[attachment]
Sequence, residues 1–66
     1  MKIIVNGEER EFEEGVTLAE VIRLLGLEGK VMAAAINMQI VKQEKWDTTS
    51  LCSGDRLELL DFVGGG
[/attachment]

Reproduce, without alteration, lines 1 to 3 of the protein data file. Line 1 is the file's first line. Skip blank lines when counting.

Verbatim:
Sequence, residues 1–66
     1  MKIIVNGEER EFEEGVTLAE VIRLLGLEGK VMAAAINMQI VKQEKWDTTS
    51  LCSGDRLELL DFVGGG